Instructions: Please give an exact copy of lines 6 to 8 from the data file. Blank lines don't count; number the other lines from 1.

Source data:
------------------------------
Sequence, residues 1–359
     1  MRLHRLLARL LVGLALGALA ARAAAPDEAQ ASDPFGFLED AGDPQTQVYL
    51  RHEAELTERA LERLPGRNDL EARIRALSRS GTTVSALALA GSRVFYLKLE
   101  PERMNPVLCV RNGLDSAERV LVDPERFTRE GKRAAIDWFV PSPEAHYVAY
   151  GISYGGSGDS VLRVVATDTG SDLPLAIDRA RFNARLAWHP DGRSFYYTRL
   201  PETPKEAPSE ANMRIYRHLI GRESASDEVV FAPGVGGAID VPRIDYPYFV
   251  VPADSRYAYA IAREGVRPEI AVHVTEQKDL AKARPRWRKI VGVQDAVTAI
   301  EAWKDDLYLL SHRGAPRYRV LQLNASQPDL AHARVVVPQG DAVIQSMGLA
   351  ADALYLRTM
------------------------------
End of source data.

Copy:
   201  PETPKEAPSE ANMRIYRHLI GRESASDEVV FAPGVGGAID VPRIDYPYFV
   251  VPADSRYAYA IAREGVRPEI AVHVTEQKDL AKARPRWRKI VGVQDAVTAI
   301  EAWKDDLYLL SHRGAPRYRV LQLNASQPDL AHARVVVPQG DAVIQSMGLA